California’s public education community faces an unprecedented financial crisis due to a combination of the most significant budget cuts in the state’s history while health care costs to school districts and their employees are increasing at alarming rates. Districts and employees spend more than $6.7 billion on health insurance premiums alone each year, and these costs have increased by more than 114% over the past 10 years—more than 226% faster than the cost of all other educational expenditures. The status quo is no longer sustainable, and there are no viable solutions being offered by the government at either the state or federal level, by the provider community or health benefits industry. While a federal health care reform bill has been recently signed into law, the bill does not mandate any changes in existing negotiated health care plans. And while districts and unions have made every effort to cut costs, such as participating in voluntary pools, it is simply not enough. Districts and unions are urgently seeking new and innovative ways to reduce costs and improve the health of their employees.
Today we have an enormous opportunity to meet these challenges. The California Education Coalition for Health Care Reform (CECHCR) has studied this issue in depth and is proposing a solution that promises a new direction in health care purchasing for the education community. By harnessing the purchasing power of California public education into a single statewide risk pool covering 1.6 million lives, this pool will become the second largest purchaser of health care in the United States and create great potential for lowering costs and improving the health of our employees. Districts and employees will benefit from increased economic leverage in purchasing and negotiating health care benefits that will result in immediate and near‐term cost savings and longerterm advantages such as fewer administrative burdens, fewer resources needed for labor and management health benefits bargaining, and improvements in patient care, preventative medicine and wellness initiatives services.
This proposed school pool design developed by CECHCR is a result of an extensive investigation and interview process conducted to ensure that the fundamental elements of the design represent the diverse interests and needs of its members and the public education community. CECHCR’s findings are detailed in this Paper. In summary, for the successful implementation of a statewide pool, CECHCR has concluded:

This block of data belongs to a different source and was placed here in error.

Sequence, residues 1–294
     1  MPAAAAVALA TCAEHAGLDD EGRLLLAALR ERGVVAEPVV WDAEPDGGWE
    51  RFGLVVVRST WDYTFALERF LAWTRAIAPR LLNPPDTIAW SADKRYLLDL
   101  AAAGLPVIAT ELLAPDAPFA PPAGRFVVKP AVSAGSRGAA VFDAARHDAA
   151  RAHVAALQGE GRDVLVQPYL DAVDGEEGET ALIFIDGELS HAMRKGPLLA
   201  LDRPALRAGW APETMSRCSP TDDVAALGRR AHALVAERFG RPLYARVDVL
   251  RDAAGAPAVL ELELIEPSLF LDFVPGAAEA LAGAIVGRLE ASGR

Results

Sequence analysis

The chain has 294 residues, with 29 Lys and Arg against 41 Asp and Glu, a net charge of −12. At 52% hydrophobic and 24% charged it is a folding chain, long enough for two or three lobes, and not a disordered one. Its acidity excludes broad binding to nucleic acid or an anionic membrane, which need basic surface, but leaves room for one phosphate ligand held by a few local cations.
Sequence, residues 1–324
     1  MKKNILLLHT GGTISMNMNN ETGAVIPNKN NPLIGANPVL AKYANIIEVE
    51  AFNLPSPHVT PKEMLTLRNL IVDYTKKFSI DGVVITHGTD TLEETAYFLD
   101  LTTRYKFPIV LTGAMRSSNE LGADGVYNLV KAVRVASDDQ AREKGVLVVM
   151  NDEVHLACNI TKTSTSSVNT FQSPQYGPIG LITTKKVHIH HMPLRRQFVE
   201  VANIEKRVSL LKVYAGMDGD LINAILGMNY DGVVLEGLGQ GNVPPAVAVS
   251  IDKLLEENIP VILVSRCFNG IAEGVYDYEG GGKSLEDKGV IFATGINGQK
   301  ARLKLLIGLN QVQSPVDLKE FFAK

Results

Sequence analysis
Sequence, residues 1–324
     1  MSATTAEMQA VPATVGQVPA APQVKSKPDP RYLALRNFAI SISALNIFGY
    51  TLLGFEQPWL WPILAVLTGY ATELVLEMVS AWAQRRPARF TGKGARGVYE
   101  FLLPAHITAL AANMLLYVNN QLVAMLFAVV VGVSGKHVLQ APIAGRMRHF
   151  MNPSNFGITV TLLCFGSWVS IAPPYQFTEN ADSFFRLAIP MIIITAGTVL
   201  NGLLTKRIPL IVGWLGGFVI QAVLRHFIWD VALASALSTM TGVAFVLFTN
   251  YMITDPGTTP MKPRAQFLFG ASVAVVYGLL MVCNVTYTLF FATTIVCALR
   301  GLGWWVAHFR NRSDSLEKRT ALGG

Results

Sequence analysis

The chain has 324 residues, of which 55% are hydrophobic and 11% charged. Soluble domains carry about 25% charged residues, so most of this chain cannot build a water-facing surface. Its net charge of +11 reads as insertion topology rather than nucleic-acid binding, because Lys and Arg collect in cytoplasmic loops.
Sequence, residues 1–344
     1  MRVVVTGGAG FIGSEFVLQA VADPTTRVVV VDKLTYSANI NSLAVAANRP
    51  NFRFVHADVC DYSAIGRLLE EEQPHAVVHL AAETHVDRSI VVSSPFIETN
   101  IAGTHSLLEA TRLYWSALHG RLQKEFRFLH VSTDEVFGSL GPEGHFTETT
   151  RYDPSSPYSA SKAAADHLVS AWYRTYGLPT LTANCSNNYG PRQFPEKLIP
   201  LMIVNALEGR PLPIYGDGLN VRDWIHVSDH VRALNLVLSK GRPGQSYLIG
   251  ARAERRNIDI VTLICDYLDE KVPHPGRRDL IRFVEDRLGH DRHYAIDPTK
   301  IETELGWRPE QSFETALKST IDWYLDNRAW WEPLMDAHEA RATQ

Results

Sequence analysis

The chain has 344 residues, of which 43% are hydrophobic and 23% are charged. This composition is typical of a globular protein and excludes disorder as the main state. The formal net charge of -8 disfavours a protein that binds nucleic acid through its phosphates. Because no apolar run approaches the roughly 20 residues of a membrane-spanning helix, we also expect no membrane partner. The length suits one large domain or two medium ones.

- The pool must be sufficiently large to provide significant economic leverage to drive down costs.
- The pool must provide a range of affordable plans that equal or exceed current offerings.
- Provider networks must be value‐based designs that promote quality outcomes and appropriateness of care.
- Local control must be maintained over which active and retiree benefits are offered and the level of employer and employee contributions, with these issues continuing to remain subject to the collective bargaining process at the local level.
- Plans must incorporate active health promotion programs and incentives to increase health status.
- Governance of the pool must include representation of all funding stakeholders and assure ongoing responsiveness to local education community needs.
- Administration of the pool must be provided by an organization with extensive experience in this area.
- Transition to a statewide pool must be orderly and based on specific criteria.
- The statewide pool and transitional voluntary pools must be held to objective performance criteria.
Saving substantial money for our districts while implementing better coverage and better health outcomes are the goals of this school pool initiative. CECHCR looks forward to a continuing dialogue with CECHCR member organizations and other interested parties in order to improve on our best thinking about pool design and implementation, and to providing leadership in a collaborative effort that works toward achievement of a statewide public education risk pool.